An unfortunate stereotype exists of seniors as people who are pretty much tuned out of daily life, either due to health reasons or just a general lack of interest. Of course, residents of Mount Vernon and elsewhere know this isn’t true at all, and can easily identify plenty of seniors who remain quite engaged in life, including those who receiving hospice care.
The team at Above and Beyond Home Health Care also knows this stereotype isn’t accurate, and can also point to plenty of our clients and other seniors we personally know who are active in their communities, perhaps even more so than when they were of working age. They may have more time to volunteer and be involved now that they’re retired and their kids are all grown, and also they may have more wisdom they’re willing to share.
Of course, some of our clients aren’t able to get out and about as much as they used to on a regular basis because of health conditions or mobility concerns. But they may still find ways to get involved in other ways, including helping remotely with various projects like political campaigns, organizing voter initiatives, teaching online, or keeping track of other details of their life and of those around them.
This month is a great time for everyone to learn more about activities for seniors to improve their bodies and their minds and find ways to make differences in the world. August 21st is National Senior Citizens Day, an annual celebration recognizing the roles that seniors can play in the world, and offering all sorts of resources for people of all ages.
The celebration was started in the Reagan administration so now there are more than 30 years of activities and opportunities for seniors to do good things at a local, state, and national level. It also is a reminder to all ages that seniors really offer plenty of value, from job experience to practical life experience and general wisdom or just lots of fun stories. Many seniors also literally can give a lot, such as those who have done financially well so they’re able to create financial endowments and even invest in other companies. Plus, as the official site says, many seniors just love to give, whether it’s time, advice, money, or even tasty treats (grandmothers or honorary grandmothers especially.)
Many of our past and present leaders hit retirement age and kept right on going. This could be in the corporate world, in politics, or in educational and scientific endeavors.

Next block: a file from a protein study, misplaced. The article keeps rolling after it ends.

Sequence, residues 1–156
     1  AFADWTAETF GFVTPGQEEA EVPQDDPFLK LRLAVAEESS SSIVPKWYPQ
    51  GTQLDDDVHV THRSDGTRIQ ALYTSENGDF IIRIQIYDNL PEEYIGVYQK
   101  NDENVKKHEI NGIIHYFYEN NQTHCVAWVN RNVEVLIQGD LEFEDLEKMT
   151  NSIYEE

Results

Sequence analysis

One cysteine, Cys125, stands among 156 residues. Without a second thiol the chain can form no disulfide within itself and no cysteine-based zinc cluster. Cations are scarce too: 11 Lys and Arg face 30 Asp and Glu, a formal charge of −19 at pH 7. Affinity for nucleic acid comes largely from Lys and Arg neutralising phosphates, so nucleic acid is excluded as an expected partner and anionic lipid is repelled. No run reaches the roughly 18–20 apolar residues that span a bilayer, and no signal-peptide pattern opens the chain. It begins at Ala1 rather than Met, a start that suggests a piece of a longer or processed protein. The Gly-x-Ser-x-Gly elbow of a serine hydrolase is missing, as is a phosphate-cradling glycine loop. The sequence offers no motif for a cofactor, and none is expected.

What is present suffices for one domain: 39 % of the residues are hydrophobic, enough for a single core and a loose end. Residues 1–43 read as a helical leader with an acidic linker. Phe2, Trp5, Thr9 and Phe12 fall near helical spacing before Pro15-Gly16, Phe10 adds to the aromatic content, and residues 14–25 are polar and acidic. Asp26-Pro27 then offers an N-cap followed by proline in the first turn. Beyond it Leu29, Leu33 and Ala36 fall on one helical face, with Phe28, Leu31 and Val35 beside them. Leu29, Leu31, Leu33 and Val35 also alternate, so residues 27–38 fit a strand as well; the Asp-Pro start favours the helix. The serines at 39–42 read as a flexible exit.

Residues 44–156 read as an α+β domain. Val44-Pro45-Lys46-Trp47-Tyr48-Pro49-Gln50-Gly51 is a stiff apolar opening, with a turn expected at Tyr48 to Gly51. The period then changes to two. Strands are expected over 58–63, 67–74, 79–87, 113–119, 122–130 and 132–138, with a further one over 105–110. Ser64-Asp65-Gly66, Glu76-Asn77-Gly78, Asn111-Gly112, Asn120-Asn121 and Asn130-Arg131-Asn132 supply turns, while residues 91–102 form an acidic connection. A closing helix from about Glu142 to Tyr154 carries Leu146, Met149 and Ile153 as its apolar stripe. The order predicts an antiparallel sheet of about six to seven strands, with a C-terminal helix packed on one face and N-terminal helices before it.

Don’t forget that Hollywood also has its share of seniors who continue to be featured. They’re not going to be cast as “the young folk” but box office numbers seem to confirm seniors play seniors better than a younger actor with older make-up.
Some even decide to pursue completely new careers, others just do the part of the job they like, such as a consultant or specialist.
Prominent people who are technically “older” but still doing great things include:
- US Presidents: The Constitution gives the minimum age for those seeking the presidency at 35 years. But it doesn’t say anything about age limits on the other end, and past presidents have served their terms and remained engaged. Past leaders have gone onto post-election accomplishments, such as Jimmy Carter building homes in his 80s or George Bush Sr. skydiving for his 90th birthday.
- Mountain Climbers: One senior who has been seen as an inspiration of any age is Yuichiro Miura, a Japanese man who truly believes that age is subjective. He currently holds records for being the oldest person to reach the summit of Mt. Everest, which he did at age 80 and also has climbed the mountain two other times. He did have to call off an attempt to reach the summit of Mt. Aconcagua, the tallest peak in South America when his doctor recommended it – this was at the end of 2018 and he was 86 at the time.
- Motorcycle Enthusiasts: Let’s not forget Gloria Tramontin-Struck, who has been a longtime motorcycle rider and advocate for riding. She’s 94 this year and her attitude and ability – not to mention that she hasn’t stopped riding her Harley-Davidson has earned her a place in the Motorcycle Hall of Fame. Considered the Grande Dame of Cycling, she’s planning a cross-country trip with her family when she hits 100. She first learned how to ride at age 16, was a founding member of the Motor Maids, and didn’t have a serious accident until 1946.
The stories and accomplishments are many and varied. Find some time to spend with a senior citizen; you’ll be amazed at some of the memories and experiences they can share.